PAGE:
Introduction In many developing countries, multiple riders are present on motorcycles; with varying degrees of helmet legislation compliance. Sri Lankan injury surveillance records determined 44.8% of the road injuries involved motorcycles. In collaboration with the Ministry of Health, an observational study of three cities was conducted to assess patterns of helmet usage among adults/children. Mandatory motorcycle helmet legislation for adults is present in Sri Lanka; no formal paediatric legislation exists.
Methods Injury data was analysed for types/causes related to motorcycles. A three-city observational study was conducted, during peak travel times. Riders were categorised for age, gender, helmet usage/type.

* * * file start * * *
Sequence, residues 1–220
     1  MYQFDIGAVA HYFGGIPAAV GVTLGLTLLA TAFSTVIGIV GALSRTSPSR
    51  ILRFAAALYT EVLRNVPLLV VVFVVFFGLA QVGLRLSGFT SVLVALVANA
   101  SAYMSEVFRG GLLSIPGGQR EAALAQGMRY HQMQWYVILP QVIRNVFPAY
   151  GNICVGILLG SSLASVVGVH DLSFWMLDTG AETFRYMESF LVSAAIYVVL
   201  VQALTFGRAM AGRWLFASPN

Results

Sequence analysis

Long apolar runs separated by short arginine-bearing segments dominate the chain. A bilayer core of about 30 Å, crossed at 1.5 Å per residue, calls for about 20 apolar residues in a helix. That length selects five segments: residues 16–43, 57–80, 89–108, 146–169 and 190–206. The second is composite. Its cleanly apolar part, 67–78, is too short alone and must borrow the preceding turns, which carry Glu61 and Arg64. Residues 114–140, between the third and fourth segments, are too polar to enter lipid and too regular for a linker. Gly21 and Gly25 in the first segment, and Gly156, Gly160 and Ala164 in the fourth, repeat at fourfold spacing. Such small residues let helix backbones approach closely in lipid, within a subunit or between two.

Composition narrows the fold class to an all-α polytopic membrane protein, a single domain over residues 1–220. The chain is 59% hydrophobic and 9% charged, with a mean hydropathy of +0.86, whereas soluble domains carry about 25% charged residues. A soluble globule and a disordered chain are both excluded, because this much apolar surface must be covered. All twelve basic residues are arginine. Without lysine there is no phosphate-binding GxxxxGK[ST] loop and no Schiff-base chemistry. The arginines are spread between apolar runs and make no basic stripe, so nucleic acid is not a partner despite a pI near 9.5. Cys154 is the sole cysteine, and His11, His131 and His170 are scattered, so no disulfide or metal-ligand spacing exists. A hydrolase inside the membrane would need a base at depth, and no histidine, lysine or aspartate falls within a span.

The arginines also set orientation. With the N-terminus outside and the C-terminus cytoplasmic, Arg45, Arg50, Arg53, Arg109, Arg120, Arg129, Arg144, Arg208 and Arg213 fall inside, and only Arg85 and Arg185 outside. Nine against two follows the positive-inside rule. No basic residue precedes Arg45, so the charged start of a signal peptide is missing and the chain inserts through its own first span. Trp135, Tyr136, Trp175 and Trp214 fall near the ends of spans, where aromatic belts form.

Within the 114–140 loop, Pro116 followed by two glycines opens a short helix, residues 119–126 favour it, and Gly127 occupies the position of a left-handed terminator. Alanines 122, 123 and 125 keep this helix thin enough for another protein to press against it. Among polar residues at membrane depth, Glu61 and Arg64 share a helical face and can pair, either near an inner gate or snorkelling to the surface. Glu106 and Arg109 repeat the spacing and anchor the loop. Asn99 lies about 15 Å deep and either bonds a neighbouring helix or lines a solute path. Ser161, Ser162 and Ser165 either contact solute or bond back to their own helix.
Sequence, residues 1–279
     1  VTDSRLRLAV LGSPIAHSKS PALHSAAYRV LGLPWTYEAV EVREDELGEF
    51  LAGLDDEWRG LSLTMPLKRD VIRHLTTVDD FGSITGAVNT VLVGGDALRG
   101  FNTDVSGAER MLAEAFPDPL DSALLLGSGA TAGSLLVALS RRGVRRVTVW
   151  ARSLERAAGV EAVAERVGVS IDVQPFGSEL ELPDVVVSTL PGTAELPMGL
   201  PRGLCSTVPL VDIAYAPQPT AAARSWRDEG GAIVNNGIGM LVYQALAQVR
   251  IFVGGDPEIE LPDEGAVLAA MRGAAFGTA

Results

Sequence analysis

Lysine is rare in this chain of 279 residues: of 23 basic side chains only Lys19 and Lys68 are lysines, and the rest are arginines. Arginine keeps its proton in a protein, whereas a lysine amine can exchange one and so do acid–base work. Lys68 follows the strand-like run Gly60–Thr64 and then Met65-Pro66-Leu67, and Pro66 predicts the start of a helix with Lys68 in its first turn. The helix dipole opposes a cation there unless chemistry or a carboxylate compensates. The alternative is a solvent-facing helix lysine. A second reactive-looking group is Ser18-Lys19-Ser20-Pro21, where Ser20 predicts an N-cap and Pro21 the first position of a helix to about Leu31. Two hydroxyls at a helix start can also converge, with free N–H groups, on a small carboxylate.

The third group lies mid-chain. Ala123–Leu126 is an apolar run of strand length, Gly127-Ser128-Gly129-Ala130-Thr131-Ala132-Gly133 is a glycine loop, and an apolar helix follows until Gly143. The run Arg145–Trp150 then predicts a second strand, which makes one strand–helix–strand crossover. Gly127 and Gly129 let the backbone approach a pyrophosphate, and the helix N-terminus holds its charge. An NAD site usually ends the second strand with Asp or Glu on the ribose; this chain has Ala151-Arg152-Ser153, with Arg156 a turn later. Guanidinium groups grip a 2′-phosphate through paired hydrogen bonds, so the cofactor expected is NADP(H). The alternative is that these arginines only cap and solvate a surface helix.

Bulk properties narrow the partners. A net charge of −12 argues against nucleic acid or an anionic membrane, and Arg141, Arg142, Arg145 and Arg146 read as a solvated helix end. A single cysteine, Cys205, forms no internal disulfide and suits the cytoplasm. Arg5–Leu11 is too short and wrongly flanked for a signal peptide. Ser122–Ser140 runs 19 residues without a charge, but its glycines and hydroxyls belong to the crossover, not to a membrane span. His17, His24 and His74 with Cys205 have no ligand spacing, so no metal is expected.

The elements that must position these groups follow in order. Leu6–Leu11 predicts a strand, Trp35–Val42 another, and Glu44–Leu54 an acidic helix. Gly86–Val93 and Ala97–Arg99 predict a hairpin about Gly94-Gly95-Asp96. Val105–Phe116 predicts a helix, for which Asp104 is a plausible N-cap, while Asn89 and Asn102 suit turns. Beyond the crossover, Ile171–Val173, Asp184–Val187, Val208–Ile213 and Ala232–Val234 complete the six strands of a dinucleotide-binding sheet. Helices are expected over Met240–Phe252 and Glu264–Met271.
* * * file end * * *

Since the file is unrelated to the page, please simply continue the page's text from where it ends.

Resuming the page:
Results 2194 motorcycles with 3309 riders were observed. Most riders were adults (86.97%) with 12.87% children. Adult helmet use was 97%, while child usage was 31%. 92% of women wore helmets compared to 97% of men. The capital Colombo and Kurnegala had higher usage with 92% and 88%; Puttalam 70%. 81% wore open face helmets. Results were shared with the Trauma Secretariat for advocacy and public health policy.
Conclusions Despite high helmet usage by adults, the majority of children are not wearing motorcycle helmets, increasing the risk of severe injury. In Asia, families often travel on motorcycles with infants, children and other family members, yet no formal WHO recommendations have been issued regarding paediatric motorcycle helmet usage. More research is needed to assess why helmets are not being used on children, availability and standards of helmets. Data must be used for advocacy, legislation and education.
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